Bottom line: Some HDMI cables are built better than others, but this is likely a superfluous distinction. There will be no difference in picture/sound quality, though over long runs maybe you’ll be more likely to transmit a signal (check out active, instead). Even if a cheap cable fails, you’ll save money in the long run replacing it rather than buying an expensive cable to start.
‘I had a problem with my cheap HDMI cable, so I bought an expensive one, and the problem went away’
This is a pretty common complaint, and the second half of it is usually a conclusion of: “Therefore, cheap cables don’t work.” However, this is a logical fallacy on multiple levels. It’s possible to get a bad cable, or have a cable not work with the equipment you have (if you’re dealing with really long distances). The better test would be to buy another cheap cable, and see what happens. This will likely fix the problem (or try one of the other methods listed here).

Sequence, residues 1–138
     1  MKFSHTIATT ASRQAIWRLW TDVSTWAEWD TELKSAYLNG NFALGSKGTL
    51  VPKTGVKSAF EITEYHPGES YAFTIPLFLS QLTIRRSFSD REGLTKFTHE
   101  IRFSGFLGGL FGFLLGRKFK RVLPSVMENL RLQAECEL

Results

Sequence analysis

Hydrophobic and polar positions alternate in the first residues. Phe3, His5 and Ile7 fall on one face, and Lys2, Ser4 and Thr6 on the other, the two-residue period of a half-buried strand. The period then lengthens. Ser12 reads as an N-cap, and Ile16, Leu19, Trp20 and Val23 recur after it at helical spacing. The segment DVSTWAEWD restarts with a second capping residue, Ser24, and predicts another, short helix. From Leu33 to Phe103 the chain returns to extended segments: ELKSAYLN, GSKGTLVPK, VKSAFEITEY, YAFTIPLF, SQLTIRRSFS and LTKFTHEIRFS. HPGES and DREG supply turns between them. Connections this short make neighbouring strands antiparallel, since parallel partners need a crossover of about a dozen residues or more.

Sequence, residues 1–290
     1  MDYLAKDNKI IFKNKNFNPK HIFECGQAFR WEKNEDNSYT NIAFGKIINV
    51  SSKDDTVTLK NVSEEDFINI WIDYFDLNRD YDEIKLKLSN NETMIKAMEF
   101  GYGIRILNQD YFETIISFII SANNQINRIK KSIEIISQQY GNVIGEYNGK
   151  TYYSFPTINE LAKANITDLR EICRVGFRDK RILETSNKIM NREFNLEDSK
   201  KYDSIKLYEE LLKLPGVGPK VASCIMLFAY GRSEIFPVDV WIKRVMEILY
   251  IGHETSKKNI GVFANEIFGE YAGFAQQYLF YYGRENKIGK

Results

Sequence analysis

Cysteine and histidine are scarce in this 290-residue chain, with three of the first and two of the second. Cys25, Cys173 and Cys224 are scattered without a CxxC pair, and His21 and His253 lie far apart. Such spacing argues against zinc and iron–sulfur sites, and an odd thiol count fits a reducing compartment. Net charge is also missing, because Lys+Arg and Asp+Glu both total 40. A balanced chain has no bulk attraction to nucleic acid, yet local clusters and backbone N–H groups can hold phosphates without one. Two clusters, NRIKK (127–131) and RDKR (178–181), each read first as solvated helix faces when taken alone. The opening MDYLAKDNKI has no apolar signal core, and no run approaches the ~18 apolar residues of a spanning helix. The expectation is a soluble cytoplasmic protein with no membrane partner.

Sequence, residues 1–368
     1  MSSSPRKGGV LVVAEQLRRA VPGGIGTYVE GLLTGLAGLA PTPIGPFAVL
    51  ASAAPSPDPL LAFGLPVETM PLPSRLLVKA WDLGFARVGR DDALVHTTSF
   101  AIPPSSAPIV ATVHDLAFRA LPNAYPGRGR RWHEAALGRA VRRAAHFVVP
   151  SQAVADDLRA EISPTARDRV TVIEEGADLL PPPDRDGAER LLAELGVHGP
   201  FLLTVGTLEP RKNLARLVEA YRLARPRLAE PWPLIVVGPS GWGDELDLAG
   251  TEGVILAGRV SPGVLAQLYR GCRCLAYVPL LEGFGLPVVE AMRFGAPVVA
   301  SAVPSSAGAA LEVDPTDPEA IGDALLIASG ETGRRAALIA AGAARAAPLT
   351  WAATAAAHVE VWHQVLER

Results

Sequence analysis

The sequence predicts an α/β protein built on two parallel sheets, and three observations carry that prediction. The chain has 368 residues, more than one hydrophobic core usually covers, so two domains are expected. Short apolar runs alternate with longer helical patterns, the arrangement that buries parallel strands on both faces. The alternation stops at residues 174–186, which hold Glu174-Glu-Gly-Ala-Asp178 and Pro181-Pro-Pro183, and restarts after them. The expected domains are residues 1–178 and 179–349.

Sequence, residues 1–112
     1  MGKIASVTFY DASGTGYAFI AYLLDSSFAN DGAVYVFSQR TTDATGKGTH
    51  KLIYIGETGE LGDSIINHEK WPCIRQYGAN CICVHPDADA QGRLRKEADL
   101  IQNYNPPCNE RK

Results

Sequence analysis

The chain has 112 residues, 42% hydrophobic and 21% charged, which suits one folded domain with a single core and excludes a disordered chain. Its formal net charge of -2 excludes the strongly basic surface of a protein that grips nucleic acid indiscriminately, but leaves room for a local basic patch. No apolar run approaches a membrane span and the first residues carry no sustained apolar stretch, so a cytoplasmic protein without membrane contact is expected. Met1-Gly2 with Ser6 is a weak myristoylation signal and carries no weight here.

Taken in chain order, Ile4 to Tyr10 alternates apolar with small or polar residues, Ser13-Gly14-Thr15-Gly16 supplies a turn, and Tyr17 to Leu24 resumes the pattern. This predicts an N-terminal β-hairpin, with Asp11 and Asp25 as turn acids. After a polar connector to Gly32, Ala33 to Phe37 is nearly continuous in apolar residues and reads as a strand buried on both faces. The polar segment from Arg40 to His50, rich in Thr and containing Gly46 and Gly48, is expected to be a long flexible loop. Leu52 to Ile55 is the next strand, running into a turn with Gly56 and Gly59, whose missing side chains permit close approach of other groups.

I don’t regret calling my first article “Why all HDMI cables are the same,” but boy did people take that literally. There are benefits to better-built cables, or active cables, but these benefits have nothing to do with picture/sound quality. The image is either perfect, or it’s not an image. Other than sparkles, there is nothing in between.
I know this won’t be my last article about HDMI cables, but if I’m honest, I love talking about them. Too many people have gotten ripped off for me to stop now.
Got a question for Geoff? First, check out all the other articles he’s written on topics like HDMI cables, LED LCD vs. plasma, Active vs Passive 3D, and more. Still have a question? Send him an e-mail! He won’t tell you what TV to buy, but he might use your letter in a future article. You can also send him a message on Twitter: @TechWriterGeoff.